Egypt's army said it would seek to take legal action against former anti-corruption chief Hisham Geneina and former military chief-of-staff Sami Anan following Geneina's claims that Anan possesses documents containing state secrets that could convict many officials if revealed.
Geneina was a leading figure in Anan's brief presidential campaign before the former military chief was barred from running in a March presidential vote and was detained by authorities last month, a week after announcing his candidacy.
In an interview with HuffPost Arabia published on Sunday, Geneina claimed that Anan possessed documents and evidence relating to major deadly incidents and "political crimes" since the 2011 revolution and following the 2013 ouster of Islamist president Mohamed Morsi. He said the documents were kept abroad and would surface if authorities tried to assassinate Anan, whom the army has accused of breaching laws by running for office without its consent.
The army said in a statement on Monday that Geneina's claims "amount to crimes and aim to raise doubts about the state and its institutions" at a time when the armed forces are waging a battle to uproot terrorism in the Sinai region."
It said it would refer the matter to investigators with a view to taking the necessary legal action against both Geneina and Anan, and that it would "use all constitutional and legal powers to preserve national security."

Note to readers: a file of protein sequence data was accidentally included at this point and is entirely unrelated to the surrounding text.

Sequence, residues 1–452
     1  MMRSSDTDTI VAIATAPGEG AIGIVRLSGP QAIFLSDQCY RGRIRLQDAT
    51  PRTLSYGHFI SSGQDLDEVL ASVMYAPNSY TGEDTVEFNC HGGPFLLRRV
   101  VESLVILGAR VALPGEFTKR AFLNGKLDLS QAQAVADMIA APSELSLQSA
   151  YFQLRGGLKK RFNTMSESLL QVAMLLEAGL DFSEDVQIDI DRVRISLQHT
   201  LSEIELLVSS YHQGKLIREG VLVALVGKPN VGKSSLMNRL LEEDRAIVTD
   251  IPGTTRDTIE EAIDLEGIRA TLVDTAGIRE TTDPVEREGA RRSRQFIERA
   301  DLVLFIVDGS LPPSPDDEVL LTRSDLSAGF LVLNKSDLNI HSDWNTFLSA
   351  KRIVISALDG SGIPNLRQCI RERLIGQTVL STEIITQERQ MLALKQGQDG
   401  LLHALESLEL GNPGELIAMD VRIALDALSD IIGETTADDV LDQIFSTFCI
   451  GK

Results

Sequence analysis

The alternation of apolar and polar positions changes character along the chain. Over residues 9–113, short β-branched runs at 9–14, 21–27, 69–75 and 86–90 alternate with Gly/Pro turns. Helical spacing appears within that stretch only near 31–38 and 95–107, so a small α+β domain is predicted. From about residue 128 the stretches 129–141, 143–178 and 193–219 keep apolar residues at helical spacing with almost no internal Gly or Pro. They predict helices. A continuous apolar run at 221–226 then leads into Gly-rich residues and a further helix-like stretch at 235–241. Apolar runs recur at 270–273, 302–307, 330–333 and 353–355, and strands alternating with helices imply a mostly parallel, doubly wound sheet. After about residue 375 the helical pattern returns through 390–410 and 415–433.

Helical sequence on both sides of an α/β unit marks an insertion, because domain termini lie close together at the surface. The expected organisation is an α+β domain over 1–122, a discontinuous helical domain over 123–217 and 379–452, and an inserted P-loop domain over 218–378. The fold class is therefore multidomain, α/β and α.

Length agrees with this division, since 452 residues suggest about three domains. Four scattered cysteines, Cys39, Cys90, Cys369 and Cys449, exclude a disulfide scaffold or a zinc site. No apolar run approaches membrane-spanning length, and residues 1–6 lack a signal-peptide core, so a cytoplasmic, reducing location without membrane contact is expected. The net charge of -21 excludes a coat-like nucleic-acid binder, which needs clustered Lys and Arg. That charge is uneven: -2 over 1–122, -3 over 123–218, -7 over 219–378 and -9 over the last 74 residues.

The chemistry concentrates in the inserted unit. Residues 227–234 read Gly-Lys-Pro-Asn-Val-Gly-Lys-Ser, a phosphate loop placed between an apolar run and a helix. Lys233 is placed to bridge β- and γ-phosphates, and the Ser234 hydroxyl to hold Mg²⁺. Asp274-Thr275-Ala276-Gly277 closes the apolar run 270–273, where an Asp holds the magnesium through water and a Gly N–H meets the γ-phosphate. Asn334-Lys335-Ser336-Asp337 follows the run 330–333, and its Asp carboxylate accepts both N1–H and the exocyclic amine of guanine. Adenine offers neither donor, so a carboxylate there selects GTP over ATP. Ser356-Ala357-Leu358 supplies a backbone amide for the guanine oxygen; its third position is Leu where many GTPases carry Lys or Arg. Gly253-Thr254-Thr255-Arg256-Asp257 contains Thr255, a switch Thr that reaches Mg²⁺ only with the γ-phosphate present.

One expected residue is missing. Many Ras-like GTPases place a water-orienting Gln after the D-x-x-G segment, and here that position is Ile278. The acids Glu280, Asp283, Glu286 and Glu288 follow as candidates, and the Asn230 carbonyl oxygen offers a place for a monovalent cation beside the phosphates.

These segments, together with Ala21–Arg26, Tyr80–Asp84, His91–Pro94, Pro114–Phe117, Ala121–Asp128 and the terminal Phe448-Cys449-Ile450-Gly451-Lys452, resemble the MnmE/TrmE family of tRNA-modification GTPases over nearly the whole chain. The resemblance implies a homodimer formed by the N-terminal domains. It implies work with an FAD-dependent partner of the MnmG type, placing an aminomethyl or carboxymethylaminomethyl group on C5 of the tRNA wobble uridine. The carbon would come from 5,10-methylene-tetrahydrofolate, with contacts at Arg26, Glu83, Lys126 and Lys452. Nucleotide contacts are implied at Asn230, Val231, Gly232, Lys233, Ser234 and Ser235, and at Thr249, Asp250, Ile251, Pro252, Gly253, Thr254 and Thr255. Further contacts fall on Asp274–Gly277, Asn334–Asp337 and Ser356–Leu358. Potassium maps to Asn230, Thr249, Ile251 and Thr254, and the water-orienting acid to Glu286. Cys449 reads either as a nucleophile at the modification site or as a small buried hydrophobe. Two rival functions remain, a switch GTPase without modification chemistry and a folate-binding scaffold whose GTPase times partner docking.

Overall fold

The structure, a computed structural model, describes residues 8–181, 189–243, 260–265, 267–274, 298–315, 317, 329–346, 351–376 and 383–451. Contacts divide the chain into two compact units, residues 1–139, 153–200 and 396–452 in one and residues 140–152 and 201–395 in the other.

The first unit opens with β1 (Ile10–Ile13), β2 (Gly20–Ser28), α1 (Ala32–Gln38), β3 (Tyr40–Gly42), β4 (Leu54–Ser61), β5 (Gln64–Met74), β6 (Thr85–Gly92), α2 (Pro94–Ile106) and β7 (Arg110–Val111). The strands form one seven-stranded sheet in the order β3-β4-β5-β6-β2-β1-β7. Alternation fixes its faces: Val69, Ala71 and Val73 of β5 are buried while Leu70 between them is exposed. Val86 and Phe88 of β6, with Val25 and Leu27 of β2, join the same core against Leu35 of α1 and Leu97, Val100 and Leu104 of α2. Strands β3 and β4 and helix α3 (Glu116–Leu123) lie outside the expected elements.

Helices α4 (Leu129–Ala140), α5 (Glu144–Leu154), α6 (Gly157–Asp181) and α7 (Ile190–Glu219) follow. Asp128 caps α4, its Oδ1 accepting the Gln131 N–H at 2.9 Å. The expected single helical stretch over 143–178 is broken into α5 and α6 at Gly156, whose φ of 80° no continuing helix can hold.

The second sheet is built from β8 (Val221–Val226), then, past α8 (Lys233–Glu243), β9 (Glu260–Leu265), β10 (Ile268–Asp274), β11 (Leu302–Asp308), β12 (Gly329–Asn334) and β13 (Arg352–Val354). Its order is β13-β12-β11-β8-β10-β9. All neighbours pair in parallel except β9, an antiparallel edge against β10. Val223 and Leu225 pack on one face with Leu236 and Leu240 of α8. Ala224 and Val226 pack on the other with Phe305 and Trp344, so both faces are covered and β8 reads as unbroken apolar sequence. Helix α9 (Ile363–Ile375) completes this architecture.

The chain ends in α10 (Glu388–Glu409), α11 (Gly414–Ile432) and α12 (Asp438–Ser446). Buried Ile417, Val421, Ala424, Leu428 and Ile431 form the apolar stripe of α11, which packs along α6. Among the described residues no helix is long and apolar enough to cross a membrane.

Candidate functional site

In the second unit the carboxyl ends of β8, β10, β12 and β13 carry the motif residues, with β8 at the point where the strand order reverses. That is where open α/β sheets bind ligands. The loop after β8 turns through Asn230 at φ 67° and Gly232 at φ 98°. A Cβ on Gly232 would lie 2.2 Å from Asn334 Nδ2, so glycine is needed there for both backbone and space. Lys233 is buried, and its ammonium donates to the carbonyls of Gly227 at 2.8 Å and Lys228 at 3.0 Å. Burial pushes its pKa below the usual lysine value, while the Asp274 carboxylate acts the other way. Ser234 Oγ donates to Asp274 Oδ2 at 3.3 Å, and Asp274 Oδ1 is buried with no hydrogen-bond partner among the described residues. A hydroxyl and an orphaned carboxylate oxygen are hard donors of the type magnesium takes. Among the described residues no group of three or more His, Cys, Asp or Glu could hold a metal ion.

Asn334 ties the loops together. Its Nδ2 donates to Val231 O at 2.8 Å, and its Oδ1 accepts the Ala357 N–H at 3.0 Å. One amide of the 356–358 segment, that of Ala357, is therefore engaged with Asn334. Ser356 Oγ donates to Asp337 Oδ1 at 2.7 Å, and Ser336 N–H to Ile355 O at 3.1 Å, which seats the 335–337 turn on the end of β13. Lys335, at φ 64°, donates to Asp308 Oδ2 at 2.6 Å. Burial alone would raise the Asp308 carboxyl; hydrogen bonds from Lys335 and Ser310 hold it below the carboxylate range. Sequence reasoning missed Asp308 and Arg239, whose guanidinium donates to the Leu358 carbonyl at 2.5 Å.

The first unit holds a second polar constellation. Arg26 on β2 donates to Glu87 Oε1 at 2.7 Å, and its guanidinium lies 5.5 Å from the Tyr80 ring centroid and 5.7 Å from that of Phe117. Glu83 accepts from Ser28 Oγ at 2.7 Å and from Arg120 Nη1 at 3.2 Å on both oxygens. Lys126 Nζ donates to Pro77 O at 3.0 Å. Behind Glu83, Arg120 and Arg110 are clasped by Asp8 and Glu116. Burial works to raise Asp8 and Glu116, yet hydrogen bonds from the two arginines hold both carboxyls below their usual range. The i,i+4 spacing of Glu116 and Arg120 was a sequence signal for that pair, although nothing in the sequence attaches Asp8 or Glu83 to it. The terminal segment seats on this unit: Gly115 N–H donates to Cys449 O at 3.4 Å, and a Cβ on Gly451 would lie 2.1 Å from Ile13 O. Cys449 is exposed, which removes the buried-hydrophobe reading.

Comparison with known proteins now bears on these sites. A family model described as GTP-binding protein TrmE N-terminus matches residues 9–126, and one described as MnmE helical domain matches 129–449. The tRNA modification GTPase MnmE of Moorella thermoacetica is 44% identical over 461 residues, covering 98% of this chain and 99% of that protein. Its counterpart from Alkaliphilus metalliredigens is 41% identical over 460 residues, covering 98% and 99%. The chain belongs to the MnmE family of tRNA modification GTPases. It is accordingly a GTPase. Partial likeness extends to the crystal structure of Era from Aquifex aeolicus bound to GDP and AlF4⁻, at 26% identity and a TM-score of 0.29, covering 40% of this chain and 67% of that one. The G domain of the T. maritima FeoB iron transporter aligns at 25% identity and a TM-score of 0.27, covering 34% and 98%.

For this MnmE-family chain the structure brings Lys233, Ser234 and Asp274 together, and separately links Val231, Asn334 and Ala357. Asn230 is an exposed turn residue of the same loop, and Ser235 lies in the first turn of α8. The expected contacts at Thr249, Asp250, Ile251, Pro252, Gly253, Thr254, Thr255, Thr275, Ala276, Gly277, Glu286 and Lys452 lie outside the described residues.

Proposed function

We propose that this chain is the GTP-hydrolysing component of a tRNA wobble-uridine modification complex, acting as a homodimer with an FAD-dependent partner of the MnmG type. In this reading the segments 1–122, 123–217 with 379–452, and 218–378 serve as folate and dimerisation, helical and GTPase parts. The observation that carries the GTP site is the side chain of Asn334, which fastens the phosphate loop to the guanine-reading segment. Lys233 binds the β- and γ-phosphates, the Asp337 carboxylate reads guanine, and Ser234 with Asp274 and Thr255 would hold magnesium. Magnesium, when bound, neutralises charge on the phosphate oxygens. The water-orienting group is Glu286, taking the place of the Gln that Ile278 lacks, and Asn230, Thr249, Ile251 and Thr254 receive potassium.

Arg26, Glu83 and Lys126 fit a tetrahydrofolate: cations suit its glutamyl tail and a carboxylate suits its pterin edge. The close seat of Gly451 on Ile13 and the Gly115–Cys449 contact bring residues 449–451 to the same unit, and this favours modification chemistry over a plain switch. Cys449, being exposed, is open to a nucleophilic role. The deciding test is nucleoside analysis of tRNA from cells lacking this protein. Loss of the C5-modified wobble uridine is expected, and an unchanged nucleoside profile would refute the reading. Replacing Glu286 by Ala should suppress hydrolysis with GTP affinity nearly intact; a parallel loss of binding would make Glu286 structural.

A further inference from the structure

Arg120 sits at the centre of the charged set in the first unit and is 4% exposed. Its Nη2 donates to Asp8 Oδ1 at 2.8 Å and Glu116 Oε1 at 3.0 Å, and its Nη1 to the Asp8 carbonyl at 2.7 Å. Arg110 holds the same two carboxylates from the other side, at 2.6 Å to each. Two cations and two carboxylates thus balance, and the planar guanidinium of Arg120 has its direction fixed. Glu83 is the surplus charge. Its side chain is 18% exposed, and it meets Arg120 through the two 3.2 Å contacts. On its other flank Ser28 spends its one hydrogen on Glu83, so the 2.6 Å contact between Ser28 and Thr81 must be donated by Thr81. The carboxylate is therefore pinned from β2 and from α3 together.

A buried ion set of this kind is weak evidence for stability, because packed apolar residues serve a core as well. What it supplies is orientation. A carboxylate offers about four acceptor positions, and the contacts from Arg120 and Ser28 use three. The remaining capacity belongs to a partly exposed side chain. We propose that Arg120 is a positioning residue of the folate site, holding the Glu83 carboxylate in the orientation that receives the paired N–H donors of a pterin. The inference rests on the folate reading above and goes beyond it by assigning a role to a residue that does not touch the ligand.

An hour after the army's statement, Anan's lawyer Nasser Amin distanced his client from Geneina's controversial remarks.
In a statement on Facebook, he described the claims as "unfounded, untrue and bearing no relation to reality."
The lawyer pledged to take legal action against anyone who has given or will give statements to the media "attributing any words or acts to Anan that would undermine [Anan's] legal status or expose him to the danger of legal or social liability."
"Any statements not made by Sami Annan in person are attributed to their owners and do not in any way express him," he said.
Anan was detained by authorities last month, a week after announcing his presidential bid. The army accused him of inciting against the military and breaking the law by running for office without its permission while still a reserve officer.
Geneina was attacked and severely wounded two weeks ago while on his way to lodge an appeal against an electoral commission's decision to disqualify Anan from running in the presidential vote, scheduled for 26-28 March. He said in media interviews that Egyptian authorities were behind his assault.
The interior ministry said at the time of the attack that Geneina hit a man with his car and that his doorman, wife and daughter assaulted what Geneina said were the attackers and tore off their clothes.